The first NFT-themed personalised debit cards
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In early September, The Information magazine revealed that Apple, in a communication dedicated to startups, said that it will be possible to sell NFT through the apps listed in the App Store, but that all sales are to be considered as in-app purchases and therefore subject to Apple commissions.
This has forced many young NFT platforms to limit in-app functionality, in an attempt to avoid the 30% commission, despite the fact that Apple does not play any role in facilitating NFT transactions, if not simply accepting their presence.
Technical patent blogger Foss Patents noted that for developers, with a commission of 30%, earnings are not only difficult, but generally impossible.
The director of The Information, Jessica Lessin, shared a reflection on her social networks, wondering if: “There is some innovative sector that does not find itself forced to go through the App Store grid”.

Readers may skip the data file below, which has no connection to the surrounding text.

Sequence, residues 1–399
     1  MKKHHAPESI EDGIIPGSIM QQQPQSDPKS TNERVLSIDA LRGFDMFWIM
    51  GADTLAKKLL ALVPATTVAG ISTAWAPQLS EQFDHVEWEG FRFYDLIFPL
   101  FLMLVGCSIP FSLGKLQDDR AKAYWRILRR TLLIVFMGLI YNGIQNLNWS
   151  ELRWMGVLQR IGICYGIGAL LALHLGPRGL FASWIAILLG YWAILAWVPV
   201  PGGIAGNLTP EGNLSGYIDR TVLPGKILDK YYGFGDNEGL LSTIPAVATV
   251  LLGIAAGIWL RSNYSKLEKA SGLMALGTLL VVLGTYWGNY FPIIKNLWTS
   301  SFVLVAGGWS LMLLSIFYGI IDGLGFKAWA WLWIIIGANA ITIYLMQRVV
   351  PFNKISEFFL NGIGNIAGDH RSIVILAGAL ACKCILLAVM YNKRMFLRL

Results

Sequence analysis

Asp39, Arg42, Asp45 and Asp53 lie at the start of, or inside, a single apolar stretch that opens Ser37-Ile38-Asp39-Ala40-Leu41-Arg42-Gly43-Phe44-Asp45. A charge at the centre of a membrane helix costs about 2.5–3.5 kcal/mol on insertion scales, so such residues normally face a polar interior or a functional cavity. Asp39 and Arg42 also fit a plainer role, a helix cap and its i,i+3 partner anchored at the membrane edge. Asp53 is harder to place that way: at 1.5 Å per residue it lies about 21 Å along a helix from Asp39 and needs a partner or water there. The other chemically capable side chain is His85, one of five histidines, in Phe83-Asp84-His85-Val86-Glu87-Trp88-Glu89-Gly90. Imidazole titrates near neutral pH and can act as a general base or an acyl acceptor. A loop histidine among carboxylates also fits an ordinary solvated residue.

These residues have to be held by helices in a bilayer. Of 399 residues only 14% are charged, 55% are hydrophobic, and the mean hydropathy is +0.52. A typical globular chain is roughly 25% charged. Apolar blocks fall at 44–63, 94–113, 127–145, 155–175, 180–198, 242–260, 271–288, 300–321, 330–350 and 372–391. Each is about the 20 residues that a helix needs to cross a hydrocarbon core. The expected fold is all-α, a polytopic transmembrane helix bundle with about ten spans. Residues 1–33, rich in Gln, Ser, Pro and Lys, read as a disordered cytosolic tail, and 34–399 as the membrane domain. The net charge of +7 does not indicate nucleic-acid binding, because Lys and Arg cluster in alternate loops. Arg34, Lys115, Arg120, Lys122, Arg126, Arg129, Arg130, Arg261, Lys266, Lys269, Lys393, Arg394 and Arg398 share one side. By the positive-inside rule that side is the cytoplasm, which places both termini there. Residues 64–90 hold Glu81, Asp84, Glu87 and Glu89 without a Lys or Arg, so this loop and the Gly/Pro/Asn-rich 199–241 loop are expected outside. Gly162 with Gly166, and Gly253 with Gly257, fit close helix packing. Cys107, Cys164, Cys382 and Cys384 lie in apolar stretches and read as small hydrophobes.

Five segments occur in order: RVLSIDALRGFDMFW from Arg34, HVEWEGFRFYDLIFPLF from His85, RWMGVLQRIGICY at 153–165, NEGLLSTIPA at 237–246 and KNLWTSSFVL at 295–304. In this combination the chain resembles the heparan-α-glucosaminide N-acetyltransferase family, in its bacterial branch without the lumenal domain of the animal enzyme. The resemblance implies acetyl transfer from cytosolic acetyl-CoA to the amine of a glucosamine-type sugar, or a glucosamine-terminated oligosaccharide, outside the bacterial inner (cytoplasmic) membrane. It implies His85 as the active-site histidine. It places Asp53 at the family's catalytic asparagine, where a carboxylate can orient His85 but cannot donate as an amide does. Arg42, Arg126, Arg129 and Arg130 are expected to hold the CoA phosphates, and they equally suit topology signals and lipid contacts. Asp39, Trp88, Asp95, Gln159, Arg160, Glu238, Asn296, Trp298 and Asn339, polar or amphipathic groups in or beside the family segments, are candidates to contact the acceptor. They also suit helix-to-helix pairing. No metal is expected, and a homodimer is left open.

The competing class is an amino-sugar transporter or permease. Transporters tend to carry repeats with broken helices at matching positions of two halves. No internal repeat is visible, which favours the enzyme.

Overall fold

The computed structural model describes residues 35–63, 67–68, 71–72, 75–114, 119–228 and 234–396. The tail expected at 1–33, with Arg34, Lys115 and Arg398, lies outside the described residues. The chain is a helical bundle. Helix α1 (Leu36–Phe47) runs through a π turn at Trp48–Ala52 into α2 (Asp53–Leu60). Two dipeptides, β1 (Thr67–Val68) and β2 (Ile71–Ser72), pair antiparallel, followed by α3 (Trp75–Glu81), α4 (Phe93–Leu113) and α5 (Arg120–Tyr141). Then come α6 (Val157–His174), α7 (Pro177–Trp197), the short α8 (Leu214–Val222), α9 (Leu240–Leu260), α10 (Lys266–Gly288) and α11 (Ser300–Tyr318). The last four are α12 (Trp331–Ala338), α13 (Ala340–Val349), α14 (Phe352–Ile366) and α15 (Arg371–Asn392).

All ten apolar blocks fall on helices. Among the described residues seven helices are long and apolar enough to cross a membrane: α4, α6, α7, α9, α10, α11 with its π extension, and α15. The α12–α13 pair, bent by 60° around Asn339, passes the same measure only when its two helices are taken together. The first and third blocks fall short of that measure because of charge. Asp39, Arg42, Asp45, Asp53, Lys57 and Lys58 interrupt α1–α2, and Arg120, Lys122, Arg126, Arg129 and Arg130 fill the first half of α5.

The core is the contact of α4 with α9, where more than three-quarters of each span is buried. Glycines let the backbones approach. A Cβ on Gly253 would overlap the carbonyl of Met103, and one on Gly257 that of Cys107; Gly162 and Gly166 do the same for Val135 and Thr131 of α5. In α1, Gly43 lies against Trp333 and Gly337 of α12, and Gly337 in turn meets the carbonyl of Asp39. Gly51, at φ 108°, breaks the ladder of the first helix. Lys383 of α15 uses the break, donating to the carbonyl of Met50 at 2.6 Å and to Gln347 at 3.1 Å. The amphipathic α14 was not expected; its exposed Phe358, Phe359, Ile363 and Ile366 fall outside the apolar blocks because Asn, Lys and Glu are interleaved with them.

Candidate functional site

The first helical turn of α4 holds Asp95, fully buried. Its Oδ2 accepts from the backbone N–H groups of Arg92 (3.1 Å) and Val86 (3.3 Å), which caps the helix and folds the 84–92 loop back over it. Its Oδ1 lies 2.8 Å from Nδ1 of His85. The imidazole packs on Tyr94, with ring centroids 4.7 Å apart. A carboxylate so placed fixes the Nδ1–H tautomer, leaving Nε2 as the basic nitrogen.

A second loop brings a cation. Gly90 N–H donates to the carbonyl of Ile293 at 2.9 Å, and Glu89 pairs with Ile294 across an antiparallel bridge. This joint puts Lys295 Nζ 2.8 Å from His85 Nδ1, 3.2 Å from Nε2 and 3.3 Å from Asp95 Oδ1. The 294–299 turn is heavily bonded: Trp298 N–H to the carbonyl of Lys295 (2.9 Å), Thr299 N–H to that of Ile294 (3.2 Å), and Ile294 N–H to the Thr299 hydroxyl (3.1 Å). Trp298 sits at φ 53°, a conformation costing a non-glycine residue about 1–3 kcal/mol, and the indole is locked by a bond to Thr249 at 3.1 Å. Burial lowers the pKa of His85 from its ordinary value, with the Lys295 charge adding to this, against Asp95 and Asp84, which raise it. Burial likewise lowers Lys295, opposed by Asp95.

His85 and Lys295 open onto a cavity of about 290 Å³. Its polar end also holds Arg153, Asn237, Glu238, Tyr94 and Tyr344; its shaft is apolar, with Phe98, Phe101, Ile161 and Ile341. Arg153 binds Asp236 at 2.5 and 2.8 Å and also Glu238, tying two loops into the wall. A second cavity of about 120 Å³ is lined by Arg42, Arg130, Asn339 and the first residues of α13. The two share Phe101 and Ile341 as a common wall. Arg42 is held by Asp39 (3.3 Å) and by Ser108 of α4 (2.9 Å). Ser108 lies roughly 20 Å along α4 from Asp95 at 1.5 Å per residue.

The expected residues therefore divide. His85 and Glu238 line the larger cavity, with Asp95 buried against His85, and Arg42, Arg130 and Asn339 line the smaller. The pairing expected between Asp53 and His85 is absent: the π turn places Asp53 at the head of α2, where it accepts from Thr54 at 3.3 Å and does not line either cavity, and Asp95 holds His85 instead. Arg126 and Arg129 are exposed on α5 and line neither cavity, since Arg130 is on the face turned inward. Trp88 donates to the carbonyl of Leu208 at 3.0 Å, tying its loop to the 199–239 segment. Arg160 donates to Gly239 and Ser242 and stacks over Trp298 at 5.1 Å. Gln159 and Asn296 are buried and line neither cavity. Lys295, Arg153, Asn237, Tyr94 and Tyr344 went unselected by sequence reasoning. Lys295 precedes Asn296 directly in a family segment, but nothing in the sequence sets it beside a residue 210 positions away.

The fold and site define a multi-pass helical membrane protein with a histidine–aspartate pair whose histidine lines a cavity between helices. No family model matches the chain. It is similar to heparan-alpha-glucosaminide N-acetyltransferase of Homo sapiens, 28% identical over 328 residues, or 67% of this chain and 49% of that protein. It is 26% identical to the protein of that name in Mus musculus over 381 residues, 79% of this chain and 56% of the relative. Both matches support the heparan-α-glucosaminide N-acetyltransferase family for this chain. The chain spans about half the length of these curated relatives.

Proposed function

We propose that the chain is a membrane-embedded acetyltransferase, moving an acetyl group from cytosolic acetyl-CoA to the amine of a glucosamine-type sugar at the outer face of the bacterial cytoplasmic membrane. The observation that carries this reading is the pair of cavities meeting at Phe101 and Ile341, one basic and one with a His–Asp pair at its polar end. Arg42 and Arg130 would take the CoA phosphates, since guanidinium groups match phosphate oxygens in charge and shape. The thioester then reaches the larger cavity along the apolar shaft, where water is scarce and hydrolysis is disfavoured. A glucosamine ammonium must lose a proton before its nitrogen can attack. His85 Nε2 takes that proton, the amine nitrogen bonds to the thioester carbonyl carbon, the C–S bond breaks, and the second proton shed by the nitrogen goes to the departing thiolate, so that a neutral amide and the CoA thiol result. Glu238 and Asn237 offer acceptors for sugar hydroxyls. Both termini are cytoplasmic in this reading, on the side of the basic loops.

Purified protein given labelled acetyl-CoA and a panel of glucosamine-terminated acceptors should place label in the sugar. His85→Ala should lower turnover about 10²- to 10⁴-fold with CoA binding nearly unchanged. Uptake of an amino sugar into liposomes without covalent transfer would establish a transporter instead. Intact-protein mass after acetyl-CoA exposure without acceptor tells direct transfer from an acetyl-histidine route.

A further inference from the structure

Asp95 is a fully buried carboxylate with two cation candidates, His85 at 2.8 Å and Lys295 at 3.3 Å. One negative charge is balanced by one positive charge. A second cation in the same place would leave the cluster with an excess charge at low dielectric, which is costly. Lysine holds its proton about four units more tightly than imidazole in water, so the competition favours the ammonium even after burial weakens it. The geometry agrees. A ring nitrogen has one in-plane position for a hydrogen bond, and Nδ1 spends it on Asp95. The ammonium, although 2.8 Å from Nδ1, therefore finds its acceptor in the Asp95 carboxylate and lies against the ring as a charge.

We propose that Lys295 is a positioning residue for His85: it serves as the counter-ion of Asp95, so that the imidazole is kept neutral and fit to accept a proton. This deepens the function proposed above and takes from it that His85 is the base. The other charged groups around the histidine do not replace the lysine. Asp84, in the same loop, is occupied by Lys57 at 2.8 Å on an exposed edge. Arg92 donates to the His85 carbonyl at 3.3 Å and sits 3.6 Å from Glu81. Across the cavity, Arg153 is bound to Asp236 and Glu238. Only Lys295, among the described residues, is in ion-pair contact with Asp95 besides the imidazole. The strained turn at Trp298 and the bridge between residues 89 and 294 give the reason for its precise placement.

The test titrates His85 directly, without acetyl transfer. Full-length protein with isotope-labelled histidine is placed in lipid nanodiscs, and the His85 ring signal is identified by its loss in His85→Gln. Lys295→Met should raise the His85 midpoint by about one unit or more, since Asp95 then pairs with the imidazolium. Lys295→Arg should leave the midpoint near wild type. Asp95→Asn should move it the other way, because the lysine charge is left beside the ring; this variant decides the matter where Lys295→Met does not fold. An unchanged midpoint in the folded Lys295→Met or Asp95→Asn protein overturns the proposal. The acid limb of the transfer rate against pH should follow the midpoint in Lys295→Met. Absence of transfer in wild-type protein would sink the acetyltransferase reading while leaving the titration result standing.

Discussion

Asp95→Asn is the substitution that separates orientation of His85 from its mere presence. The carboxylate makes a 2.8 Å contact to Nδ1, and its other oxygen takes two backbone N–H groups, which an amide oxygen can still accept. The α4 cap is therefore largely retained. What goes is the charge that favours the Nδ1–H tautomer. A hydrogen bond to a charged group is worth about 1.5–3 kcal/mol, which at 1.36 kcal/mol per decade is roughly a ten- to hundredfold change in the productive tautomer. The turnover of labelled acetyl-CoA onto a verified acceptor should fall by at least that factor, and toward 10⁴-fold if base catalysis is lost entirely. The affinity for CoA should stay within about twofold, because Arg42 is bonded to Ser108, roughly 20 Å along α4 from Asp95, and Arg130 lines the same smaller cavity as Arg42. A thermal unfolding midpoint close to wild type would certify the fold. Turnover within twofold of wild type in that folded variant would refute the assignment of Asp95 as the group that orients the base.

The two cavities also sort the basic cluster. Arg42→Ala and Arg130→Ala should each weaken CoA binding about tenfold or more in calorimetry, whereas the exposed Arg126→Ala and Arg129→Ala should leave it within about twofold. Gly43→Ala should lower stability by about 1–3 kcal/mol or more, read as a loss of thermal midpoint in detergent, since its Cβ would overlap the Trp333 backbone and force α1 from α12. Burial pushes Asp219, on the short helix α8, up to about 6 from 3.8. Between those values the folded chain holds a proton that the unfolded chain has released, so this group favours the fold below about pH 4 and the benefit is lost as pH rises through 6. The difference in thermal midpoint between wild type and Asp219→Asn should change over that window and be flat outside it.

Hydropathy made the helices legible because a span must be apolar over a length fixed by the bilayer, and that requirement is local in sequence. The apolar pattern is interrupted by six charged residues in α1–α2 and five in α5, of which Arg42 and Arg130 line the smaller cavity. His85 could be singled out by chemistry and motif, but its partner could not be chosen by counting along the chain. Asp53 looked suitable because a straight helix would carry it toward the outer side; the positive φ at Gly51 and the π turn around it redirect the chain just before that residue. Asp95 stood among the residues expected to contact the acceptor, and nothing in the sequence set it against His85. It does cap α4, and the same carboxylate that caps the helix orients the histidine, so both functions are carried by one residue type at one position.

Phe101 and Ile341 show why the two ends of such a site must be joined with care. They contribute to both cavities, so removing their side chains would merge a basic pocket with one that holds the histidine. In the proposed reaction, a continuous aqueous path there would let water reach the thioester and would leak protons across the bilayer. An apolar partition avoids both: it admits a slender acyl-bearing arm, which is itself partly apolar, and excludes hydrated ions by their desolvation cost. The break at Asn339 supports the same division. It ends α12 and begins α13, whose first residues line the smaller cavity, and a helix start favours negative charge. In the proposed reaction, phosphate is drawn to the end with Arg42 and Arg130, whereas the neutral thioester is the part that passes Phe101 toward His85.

Tim Sweeney, the CEO of Epic Games, instead shared some thoughts on the issue in a tweet, describing the App Store’s mechanics as a “grotesquely expensive in-app payment service.” Sweeney has long argued that Apple’s commissions penalize developers and leave little benefit for the industry’s growth.
In general, it is our opinion that the biggest problem of NFTs today is that – although linked to the blockchain world and therefore by nature disintermediated by large digital players – the market is extremely dependent on third-party platforms (such as Opensea and Apple itself) that erode the sales margins of creators with their commissions.
To grow and thrive, NFTs need to emancipate themselves from the Amazon model, and take the path of self-promotion and selling.